will eprinex drop on kill mites?

Discussion in 'Emergencies / Diseases / Injuries and Cures' started by posey, Jul 10, 2011.

  1. posey

    posey Chillin' With My Peeps

    Jun 17, 2009
    Coastal NC
    Hi All,
    I just discovered that our chickens have mites, probably the feather ones because I can see broken feathers and sores but I am not sure how to tell the difference.
    I knew we had something going on but couldn't figure out what until yesterday. I saw the feathers laying around. I saw some partically bare abdomens and the girls seems too thin, to me. I suspected mites but I could never find the mites though. I've gone out after midnight with a flashlight and checked - nothing.
    Tried again a couple of weeks later, nothing. Then again and nothing.
    Yesterday, I discovered tiny little mites going in and out and around the vent of several hens. So now I know for sure we have mites.
    It is not lice, I know the difference.

    My darling husband is not going to be happy once I tell him we have mites.
    It will require a lot of work in the coop which is made of old wood with holes in it.
    We will have to treat the wood but my main concern is that some of the wood we will not be able to get to.
    When we moved here 7 months ago, the left side wall was just wooden slats with some gaps. On the outside of that wall it is vinyl sided.
    In order to help keep the cold out, he nailed a heavy duty tarp over the slats to completely cover that wall.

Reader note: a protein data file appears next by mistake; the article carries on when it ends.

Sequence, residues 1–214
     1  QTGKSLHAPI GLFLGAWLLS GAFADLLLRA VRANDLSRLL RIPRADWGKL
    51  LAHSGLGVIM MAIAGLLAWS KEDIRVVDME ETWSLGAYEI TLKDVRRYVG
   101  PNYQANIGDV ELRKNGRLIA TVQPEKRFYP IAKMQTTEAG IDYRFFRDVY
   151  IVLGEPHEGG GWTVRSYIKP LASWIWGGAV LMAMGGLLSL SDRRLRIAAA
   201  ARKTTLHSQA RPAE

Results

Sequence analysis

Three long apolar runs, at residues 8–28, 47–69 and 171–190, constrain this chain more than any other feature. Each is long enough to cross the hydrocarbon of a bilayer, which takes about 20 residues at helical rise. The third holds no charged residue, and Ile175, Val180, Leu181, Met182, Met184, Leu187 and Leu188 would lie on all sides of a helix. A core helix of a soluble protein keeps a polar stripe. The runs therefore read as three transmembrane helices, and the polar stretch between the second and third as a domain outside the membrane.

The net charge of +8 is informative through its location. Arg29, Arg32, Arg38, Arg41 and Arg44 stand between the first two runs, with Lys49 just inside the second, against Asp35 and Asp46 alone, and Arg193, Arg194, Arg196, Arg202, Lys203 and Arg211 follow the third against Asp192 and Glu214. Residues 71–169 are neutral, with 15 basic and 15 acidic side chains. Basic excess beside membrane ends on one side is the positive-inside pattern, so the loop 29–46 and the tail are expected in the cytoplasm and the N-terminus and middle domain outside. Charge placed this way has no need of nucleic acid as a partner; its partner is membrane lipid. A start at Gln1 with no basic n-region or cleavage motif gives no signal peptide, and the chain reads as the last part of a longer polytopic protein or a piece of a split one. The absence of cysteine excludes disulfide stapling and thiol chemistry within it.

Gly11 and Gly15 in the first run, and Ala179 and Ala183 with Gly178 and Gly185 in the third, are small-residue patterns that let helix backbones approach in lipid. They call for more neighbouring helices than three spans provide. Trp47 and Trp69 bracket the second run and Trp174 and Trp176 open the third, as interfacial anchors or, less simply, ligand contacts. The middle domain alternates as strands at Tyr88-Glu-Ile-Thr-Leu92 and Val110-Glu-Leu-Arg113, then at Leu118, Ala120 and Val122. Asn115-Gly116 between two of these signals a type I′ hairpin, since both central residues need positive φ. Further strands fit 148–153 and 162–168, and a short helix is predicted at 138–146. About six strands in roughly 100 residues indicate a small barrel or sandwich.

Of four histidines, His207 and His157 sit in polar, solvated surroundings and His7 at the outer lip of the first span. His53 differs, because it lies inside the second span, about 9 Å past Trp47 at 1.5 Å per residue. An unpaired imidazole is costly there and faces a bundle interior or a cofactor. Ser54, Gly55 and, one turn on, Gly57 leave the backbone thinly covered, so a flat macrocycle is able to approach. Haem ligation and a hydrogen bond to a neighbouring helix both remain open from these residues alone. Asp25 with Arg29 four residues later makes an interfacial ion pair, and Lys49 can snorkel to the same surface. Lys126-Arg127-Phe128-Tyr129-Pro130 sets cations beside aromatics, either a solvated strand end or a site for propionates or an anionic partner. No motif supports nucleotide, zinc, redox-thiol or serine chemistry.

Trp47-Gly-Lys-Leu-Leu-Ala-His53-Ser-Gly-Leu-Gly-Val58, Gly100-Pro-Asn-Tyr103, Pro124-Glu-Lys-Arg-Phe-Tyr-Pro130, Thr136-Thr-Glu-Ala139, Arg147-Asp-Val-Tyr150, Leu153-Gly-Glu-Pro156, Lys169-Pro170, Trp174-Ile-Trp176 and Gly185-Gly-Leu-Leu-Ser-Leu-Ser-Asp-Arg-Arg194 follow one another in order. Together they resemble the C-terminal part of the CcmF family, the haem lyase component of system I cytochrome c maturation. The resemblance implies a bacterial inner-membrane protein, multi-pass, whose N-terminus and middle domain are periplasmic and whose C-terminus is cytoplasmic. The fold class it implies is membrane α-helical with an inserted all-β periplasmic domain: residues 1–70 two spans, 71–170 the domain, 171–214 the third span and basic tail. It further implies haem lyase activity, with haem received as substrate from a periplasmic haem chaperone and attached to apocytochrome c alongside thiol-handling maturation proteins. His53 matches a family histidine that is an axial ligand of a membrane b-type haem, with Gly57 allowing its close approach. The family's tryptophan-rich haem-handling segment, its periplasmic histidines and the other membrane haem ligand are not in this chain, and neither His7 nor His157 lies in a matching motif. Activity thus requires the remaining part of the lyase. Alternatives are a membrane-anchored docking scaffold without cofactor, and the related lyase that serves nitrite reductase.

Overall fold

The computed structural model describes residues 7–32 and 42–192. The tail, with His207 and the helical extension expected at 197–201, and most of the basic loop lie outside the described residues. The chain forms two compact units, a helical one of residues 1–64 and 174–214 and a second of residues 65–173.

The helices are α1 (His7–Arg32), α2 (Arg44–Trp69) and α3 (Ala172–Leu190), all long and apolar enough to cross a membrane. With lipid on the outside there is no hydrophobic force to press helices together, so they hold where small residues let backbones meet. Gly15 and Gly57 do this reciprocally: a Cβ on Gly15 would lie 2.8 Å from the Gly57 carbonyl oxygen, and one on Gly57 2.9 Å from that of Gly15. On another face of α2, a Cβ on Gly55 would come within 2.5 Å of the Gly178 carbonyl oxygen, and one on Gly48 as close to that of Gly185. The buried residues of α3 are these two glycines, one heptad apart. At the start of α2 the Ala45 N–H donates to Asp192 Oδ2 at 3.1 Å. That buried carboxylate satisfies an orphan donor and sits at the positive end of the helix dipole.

It works to help keep the cold draft out during the winter months but teeny tiny mites? No way.

    It's 100 degrees here with high humidity right now and I know we will no be able to work outside for very long. Plus, to do all of the above would take us more than a whole weekend and we would need to keep the girls out of the coop all day while we worked and hope that things dried by the time they were coming back in for the night.
    So I am not looking forward to suggesting that we have to do a major overhaul on the inside of the coop. And hubby and I aren't spring chickens anymore either. LOL

    Several years ago and a different coop I was told to do the following:
    1. fill and caulk all gaps or cracks in the walls and floor (in this coop it will be a nightmare)
    2. paint the entire inside of the coop to seal the wood (again a nightmare)
    3. treat the roosts and uprights with oil/kerosene mixture
    4. dip the chickens
    5. once dry put eprinex on them
    6. feed a good mash to help them gain weight and build them up

    It sounds like we have a horrible coop and we don't. It is an old shed that was updated some years ago with vinyl on the outside.
    It has a newer concrete floor and electric lights and outlets inside. It has a window on the back side and a screen door that we put on the front side to allow flow-through air and to help to keep it cooler in the summer heat. The shed is 16 deep by 12 wide and we divided it with wooden lattice into 1/3 for the front walk-in storage area with a screen door that goes into the back 2/3rds which is the chicken side. The nest boxes are large solid plastic cubes I bought at Target. The roosts are 2x4's set on top of concrete blocks so we can lift them out and clean them every other month or so. We use food grade DE in the boxes with the wood shavings and on the floor with the wheat straw.